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Tuesday, 29 November 2011

Betty Byrne / McDonnell a total legend!

Firstly I would like to thank you for reading, be patient, this blog is not about me really, but about someone far more important....My mom. 


My mothers birthday is soon upon me and for many reasons it seems important to share our experiences of dealing with Cancer with other Cancer patients, survivors and family members of these couragous and stong people.  I say 'our' experiences because although my mother lost her battle with the disease she kept a diary of almost every emotion she experienced right until the end and I would like to share these with others along with some of my own.

I was, for the last year of her life, my mothers full time carer.  This time was the most rewarding time of my life.  It was tough at times, but not always.  It is always there, in the back of your head, that they might be going somewhere but you just have to push that all to the back of your head and embrace every opportunity to share, to laugh, to love and to remember all those wonderful times you have shared with each other.

My mother was one of the most amazing women I have ever met....and I'm not being biased.  She was an amazing woman.  Her whole life was about her children.  She spent every day telling us how amazing we were, how beautiful we were and how talanted we were. 

Now, I could have been the dullest, most unattractive and useless loser that ever walked the planet but due to her total bias, and total sincerity I believed every word of it.

I am an avid Eastenders fan and was total appaled by the Tanya storyline, not because its about Cancer, I think it's an important storyline but because of the way they are dealing with it.  I know, I know, its 'Eastenders', a soap, its supposed to be far fetched but for the love of God.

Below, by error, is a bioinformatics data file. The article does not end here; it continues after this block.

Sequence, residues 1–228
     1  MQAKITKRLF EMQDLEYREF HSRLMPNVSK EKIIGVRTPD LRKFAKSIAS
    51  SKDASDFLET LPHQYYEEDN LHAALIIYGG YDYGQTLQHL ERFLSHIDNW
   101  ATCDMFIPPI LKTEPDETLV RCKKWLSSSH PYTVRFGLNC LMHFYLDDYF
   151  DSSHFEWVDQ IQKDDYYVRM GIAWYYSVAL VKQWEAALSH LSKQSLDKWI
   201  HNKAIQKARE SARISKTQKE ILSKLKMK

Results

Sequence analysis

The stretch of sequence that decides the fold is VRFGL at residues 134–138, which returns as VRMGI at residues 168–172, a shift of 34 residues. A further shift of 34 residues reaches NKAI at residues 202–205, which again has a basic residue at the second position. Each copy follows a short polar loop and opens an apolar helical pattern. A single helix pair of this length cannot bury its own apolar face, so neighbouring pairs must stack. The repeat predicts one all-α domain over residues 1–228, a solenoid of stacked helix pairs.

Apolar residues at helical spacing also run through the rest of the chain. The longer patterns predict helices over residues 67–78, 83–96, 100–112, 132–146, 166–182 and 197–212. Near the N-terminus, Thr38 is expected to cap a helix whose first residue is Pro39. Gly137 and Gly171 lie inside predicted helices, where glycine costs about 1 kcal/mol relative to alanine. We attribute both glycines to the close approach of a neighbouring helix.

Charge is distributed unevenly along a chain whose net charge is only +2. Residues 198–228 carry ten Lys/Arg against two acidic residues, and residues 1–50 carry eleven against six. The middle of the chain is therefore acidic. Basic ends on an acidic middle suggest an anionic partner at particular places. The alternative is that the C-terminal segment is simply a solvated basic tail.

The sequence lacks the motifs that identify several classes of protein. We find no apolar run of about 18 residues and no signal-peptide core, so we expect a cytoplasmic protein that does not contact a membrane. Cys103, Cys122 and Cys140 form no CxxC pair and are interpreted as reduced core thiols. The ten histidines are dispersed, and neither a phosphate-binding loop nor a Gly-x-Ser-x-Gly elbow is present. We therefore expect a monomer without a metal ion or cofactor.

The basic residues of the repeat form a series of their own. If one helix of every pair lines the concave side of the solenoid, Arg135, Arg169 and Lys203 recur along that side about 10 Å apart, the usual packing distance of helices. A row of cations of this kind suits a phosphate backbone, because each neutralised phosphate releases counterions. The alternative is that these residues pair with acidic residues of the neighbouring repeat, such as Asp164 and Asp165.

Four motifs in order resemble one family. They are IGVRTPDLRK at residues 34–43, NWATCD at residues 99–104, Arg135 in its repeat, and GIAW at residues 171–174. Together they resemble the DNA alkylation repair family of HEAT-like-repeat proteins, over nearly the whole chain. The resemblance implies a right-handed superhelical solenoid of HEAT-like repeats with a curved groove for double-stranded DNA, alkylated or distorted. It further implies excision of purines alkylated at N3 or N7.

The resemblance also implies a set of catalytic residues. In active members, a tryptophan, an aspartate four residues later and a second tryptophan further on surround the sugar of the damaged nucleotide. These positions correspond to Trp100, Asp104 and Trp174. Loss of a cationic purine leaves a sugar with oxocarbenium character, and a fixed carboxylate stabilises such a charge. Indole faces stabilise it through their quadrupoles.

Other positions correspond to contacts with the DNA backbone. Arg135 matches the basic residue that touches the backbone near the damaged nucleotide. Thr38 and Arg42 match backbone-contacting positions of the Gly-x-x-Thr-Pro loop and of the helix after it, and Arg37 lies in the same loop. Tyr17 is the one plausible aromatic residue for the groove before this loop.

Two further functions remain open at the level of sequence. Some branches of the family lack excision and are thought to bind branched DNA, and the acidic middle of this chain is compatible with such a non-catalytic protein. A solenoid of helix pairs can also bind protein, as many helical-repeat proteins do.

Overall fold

I'm not going to go on about what exactly I found dreadfull as this is not a blog about 'Eastenders' its a blog about dealing with Cancer and being the child of a perent with cancer.  Every person who deals with this disease has a different experience.  Not all of these experiences are bad. 

There are many different types of Cancer and who am I to say what one would or wouldn't do in any circumstance or how treatment effects different people, I can only write about what I know.

My mother was officially diagnosed on the 31st June 1996.  I was 19 years old and the eldest of three. She had been complaining for months about being totally swollen and feeling pregnant, but this was impossible as she had been seperated from my father for years and the only people she cared about was us, her kids.

I was a really independant young woman and had moved out the year before.  I remember getting a call in the middle of the night prior to her being diagnosed and she was screaming in pain.  I immediately drove to her and  I took her to the emergency room.  We spent hours in A&E, some 12 year old doctor saw us and x-rayed her and told her it was a kidney infection and sent us on our way.

I had a feeling that night something wasn't right, but who was I to argue with a young doctor.  This soon changed after she was diagnosed, I argued with a lot of them.  Anyway, I dont want to start this blog with a random string of thoughts that go nowhere but I will leave you with this, it's a quote, one of the first in my moms diary:

Feeling sorry for yourself and your present condition is not only a waste
of energy but the worst habit you could possibly have.
                                                                              Dale Carnegie

1 comment:

  1. It still amazes me how long it takes to get illness diagnosed. I'e started a site Thyroid Support Ireland, or TSI for short, which is at www.mythyroidireland.webs.com to give people info and support on living with thyroid illness. Through that I heard from Mary in Mullingar who has set up an Irish site supporting people who have thyroid cancer. Its at www.thyroidcancersupport.ie. Betty would be so proud of you Joy, for writing this.

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